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Wrestling with Salvation

The origins of wrestling can be traced back to ancient cave drawings. Babylonian and Egyptian wrestlers displayed similar holds known in this present-day sport. This history suggests that wrestling represents one of the oldest forms of combat. Thus, it’s not surprising that one of Israel’s founding fathers wrestles with God throughout one long night. This draw (tie) served as a call for change from a swindler to a contender for God.

And Jacob was left alone, and a Man wrestled with him until daybreak. 25 And when [the Man] saw that He did not prevail against [Jacob], He touched the hollow of his thigh; and Jacob’s thigh was put out of joint as he wrestled with Him. 26 Then He said, Let Me go, for day is breaking. But [Jacob] said, I will not let You go unless You declare a blessing upon me. 27 [The Man] asked him, What is your name? And [in shock of realization, whispering] he said, Jacob [supplanter, schemer, trickster, swindler]! 28 And He said, Your name shall be called no more Jacob [supplanter], but Israel [contender with God]; for you have contended and have power with God and with men and have prevailed, Genesis 32:24-28.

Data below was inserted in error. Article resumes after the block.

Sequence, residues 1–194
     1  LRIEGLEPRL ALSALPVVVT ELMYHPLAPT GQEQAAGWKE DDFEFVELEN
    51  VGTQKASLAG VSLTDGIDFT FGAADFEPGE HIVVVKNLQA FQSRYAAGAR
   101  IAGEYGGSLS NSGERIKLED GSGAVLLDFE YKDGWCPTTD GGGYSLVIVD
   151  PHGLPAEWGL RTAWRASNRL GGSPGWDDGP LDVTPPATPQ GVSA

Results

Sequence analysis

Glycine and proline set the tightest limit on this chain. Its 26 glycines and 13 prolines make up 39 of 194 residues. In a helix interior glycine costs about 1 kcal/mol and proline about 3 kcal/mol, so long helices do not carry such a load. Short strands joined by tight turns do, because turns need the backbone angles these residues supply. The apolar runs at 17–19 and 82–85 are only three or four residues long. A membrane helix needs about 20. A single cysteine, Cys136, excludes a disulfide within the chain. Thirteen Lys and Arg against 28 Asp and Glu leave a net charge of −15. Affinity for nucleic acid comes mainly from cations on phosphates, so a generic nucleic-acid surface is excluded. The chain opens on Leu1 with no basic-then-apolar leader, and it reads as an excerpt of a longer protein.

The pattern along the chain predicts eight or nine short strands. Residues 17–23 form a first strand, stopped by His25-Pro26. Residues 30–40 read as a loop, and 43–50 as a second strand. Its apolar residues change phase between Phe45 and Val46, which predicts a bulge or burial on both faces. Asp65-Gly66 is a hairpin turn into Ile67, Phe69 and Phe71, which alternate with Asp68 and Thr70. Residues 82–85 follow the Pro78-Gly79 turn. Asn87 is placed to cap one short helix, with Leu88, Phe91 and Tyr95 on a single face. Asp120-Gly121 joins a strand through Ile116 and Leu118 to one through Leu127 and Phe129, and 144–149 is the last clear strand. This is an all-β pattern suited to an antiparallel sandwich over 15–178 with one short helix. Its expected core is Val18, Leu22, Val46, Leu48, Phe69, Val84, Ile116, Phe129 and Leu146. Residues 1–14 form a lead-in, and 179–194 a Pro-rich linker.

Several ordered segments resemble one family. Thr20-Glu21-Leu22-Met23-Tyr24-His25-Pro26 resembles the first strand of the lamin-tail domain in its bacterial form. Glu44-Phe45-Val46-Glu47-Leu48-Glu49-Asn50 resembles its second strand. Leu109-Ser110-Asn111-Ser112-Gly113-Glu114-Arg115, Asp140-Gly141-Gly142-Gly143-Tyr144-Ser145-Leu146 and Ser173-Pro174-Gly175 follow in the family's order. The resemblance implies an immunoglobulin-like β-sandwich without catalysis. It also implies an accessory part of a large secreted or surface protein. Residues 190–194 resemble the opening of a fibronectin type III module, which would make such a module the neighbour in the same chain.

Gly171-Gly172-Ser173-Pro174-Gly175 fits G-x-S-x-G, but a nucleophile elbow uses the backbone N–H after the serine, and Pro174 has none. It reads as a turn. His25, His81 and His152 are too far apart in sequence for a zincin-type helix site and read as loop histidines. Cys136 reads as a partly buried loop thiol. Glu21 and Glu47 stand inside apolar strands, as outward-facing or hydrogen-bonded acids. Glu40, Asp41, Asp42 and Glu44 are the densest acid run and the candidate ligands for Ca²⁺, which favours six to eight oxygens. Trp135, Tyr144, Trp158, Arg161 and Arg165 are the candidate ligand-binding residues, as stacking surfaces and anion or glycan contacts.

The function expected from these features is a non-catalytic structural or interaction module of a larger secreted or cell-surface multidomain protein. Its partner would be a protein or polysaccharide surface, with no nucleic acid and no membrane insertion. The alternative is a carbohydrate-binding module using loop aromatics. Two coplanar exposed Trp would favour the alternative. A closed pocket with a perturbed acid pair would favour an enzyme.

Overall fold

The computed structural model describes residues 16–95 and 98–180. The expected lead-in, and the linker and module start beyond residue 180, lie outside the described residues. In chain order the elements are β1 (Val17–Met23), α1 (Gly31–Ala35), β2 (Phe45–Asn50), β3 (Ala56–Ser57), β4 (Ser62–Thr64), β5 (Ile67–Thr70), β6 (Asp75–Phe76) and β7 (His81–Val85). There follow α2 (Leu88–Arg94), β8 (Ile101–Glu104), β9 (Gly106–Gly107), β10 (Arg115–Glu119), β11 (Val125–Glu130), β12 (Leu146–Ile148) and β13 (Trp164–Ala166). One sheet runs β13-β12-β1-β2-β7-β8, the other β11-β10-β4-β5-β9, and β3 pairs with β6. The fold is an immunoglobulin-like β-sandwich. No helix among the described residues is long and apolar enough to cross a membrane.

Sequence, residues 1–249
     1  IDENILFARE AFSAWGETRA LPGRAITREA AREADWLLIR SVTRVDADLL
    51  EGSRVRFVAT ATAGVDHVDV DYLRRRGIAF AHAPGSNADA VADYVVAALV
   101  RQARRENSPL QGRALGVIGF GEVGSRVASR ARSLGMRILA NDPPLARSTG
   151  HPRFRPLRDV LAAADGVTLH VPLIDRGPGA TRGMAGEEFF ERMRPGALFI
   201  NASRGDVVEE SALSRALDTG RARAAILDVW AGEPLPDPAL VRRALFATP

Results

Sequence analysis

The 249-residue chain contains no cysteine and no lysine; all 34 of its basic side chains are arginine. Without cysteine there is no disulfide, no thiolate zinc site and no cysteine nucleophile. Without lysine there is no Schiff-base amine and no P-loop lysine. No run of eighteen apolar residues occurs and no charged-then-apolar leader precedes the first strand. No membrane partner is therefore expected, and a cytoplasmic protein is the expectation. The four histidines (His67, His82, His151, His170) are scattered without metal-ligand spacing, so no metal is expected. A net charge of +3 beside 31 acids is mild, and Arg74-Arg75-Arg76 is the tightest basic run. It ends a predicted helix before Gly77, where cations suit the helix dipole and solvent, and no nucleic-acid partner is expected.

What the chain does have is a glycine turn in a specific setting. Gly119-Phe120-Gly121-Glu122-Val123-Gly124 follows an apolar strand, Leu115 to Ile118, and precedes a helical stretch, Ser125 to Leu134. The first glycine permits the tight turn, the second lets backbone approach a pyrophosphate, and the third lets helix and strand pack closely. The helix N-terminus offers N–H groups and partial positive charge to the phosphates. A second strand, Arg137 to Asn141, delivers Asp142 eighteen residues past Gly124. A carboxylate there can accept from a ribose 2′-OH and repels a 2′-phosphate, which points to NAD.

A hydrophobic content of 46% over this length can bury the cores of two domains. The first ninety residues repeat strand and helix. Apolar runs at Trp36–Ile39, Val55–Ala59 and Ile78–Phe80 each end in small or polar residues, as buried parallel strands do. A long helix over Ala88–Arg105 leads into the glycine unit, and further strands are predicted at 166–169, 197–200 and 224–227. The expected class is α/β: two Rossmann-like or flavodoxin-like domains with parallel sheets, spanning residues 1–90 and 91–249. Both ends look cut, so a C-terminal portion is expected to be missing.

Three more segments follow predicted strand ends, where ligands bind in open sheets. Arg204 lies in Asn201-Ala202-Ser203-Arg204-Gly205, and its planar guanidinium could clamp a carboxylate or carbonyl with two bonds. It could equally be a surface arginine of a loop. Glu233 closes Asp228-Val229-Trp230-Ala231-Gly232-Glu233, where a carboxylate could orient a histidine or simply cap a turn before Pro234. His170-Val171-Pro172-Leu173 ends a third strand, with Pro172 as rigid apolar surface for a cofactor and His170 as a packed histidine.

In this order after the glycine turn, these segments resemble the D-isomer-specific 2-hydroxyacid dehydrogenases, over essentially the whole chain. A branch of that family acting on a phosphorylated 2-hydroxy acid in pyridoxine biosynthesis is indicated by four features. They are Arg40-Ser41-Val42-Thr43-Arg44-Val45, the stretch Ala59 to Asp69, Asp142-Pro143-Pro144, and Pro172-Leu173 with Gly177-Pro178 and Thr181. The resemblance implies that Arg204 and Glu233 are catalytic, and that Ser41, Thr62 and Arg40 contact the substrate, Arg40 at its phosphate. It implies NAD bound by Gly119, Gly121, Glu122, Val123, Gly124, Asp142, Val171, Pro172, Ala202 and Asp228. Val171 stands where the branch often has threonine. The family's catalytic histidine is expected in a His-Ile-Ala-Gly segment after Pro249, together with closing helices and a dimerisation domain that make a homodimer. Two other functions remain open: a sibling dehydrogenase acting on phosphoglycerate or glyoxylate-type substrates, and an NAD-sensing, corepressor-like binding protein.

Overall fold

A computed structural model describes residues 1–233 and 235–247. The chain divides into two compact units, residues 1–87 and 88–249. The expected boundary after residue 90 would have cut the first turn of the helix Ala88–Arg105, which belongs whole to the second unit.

In the New Testament, the apostle Paul refers to a spiritual wrestling match. Paul urges members of the Philippians Church to work out their salvation with fear and trembling. In the passage below, the Amplified Version provides a clear explanation for what Paul is talking about. The goal for apostles was to fulfill the Great Commission, Acts 1:8. Rather than become complacent as a Christian, believers should cultivate and carry out God’s will for their lives.

Therefore, my dear ones, as you have always obeyed [my suggestions], so now, not only [with the enthusiasm you would show] in my presence but much more because I am absent, work out (cultivate, carry out to the goal, and fully complete) your own salvation with reverence and awe and trembling (self-distrust, [i]with serious caution, tenderness of conscience, watchfulness against temptation, timidly shrinking from whatever might offend God and discredit the name of Christ), Philippians 2:12.

If you have lived long enough, you know that some days you have it and some days you don’t. When you don’t have your A game or the energy to succeed, wrestling with salvation is essential. When desire is lacking, use prayer as a crutch to keep on fighting. If your faith starts to slide, hang in there by clinging to the promises of the Bible. Whether you have to wrestle for hours, days, months or years, keep hope alive by working out your weaknesses.

by Jay Mankus

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